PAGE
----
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Oklahoma should make ballot access easier for third parties

by The Oklahoman Editorial Board Published: December 11, 2012

Proponents of ballot access reform have worked for years to get our laws changed. In 2009, a bill that would have made it easier for third-party candidates won approval in the House and Senate, then stalled in a conference committee. Two years later, the House passed a bill that would have reduced the number of petition signatures needed. It went nowhere in the Senate.

This year, the Libertarian Party's presidential candidate, former New Mexico Gov. Gary Johnson, was on the ballot in 47 states. At a rally here in October, Johnson said candidates shouldn't be kept off the ballot “in an attempt to simply foster and continue to prop up the two-party system. The people deserve the ability to vote for the candidate of their choice.”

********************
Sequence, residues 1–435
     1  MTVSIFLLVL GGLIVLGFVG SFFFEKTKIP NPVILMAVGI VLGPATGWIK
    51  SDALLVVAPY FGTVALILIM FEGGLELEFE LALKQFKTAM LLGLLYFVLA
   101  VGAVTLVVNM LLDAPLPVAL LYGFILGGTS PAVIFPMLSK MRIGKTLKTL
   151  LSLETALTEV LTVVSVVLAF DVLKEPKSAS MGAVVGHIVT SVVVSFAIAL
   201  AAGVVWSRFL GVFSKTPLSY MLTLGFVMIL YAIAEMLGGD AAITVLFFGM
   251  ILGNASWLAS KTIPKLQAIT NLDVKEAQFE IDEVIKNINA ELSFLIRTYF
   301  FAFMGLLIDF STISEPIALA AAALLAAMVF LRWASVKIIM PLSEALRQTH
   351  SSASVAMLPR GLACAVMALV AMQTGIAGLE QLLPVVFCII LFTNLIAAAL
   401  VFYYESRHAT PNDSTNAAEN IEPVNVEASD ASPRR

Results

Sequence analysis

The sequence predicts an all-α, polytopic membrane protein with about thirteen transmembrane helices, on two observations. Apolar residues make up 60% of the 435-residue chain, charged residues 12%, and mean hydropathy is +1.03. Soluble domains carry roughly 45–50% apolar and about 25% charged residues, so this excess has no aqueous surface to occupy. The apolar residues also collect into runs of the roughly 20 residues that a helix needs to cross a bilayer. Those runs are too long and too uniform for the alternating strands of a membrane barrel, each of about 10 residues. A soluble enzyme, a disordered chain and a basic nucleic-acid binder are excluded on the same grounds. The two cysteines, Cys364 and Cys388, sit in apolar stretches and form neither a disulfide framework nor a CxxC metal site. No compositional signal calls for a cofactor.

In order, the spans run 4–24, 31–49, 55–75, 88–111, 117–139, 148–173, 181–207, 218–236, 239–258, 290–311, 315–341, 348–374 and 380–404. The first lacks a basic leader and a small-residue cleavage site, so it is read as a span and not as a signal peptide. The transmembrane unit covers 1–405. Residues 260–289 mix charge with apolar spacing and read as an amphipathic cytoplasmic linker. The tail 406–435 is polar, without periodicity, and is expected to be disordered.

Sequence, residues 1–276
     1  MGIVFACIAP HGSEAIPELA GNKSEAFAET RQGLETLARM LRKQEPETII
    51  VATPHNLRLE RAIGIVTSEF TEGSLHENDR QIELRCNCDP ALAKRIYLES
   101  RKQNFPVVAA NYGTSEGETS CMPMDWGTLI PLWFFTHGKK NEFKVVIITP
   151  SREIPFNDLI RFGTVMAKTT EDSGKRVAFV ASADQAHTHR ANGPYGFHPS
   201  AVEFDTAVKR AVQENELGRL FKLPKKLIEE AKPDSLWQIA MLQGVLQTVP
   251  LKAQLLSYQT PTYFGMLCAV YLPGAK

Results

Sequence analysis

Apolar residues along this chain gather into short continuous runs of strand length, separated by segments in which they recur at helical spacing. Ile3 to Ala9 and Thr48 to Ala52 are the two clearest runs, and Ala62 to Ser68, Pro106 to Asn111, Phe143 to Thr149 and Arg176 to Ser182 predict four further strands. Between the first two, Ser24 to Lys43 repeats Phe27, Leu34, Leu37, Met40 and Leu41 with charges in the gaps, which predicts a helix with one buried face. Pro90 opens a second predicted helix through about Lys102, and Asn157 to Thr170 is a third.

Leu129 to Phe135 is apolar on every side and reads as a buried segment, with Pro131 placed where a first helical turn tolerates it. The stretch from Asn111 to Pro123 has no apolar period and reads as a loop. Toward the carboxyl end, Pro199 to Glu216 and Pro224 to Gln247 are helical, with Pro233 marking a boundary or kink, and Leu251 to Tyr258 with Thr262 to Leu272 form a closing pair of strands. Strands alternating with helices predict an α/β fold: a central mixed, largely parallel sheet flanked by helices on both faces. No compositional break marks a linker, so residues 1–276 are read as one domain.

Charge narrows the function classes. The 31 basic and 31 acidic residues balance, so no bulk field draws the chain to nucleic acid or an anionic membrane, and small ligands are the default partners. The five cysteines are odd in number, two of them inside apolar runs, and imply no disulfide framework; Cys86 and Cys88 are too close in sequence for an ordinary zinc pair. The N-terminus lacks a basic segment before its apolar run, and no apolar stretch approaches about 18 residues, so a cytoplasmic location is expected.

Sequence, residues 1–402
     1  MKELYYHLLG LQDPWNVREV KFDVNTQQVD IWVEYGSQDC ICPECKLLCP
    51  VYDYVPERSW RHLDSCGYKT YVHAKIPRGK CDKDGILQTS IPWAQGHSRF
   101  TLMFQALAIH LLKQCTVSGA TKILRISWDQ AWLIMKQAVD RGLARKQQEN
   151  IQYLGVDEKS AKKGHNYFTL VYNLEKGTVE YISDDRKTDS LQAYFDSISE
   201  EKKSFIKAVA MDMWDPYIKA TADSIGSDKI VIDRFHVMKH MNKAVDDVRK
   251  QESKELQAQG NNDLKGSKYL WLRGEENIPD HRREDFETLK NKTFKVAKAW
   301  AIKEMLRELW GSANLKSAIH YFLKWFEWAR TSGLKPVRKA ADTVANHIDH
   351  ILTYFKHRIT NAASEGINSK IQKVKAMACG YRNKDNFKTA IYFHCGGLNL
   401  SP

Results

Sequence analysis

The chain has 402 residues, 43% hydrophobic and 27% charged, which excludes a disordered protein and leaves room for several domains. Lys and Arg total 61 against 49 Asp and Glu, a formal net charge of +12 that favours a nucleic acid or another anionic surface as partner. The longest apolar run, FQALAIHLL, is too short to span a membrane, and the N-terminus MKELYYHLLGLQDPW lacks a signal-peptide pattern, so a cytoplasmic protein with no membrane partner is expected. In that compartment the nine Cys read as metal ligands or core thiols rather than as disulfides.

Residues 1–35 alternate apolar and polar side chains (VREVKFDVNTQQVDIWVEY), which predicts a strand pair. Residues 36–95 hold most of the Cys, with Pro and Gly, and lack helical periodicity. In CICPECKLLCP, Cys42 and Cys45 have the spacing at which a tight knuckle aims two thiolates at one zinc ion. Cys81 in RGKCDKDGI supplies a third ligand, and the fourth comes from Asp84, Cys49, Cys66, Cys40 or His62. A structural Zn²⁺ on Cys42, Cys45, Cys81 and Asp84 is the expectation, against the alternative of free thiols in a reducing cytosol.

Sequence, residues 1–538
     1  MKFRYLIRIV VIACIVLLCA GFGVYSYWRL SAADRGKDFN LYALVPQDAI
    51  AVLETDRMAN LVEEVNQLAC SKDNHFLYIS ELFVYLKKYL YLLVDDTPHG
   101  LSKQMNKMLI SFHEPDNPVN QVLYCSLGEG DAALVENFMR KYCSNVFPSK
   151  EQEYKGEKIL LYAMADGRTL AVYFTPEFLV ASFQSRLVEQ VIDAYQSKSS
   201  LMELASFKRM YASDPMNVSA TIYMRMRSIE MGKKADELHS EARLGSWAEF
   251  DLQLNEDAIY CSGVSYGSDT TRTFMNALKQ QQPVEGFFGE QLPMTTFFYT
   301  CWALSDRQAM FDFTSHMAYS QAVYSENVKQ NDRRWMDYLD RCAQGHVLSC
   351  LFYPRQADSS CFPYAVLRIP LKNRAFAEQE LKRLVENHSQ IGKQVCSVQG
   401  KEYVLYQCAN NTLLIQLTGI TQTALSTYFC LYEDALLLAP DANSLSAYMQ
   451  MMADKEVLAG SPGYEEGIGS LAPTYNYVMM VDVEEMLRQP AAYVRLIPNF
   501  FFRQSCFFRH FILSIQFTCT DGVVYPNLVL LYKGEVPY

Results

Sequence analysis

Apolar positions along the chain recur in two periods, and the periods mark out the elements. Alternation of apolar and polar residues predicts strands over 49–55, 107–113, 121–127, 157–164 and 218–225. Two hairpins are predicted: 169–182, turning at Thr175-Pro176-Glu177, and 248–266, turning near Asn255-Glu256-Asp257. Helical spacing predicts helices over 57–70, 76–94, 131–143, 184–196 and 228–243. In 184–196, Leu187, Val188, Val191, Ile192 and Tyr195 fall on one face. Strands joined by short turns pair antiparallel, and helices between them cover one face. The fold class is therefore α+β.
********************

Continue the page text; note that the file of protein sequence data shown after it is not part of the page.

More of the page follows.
During an appearance in Oklahoma City two years ago, consumer advocate Ralph Nader said our state's ballot access rules are among the nation's toughest. “A competitive democracy with multiple candidates, multiple ideas, multiple backgrounds and multiple agendas is going to bring more people out to vote and we're going to have a better political process,” he said.

Donna Bebo, who ran as a Democrat for the 4th Congressional District seat, put it this way: “Candidates should not win simply because of who they keep off the ballot. They should win on their own merit.” She has a point.

In conservative Oklahoma, Republicans enjoy firm and growing control of the Legislature. They have nothing to fear from providing a voice to others, by lowering some of the significant hurdles now in place for third-party candidates trying to get on our ballot.

by The Oklahoman Editorial Board
The Oklahoman Editorial Board consists of Gary Pierson, President and CEO of The Oklahoma Publishing Company; Christopher P. Reen, president and publisher of The Oklahoman; Kelly Dyer Fry, editor and vice president of news; Christy Gaylord...
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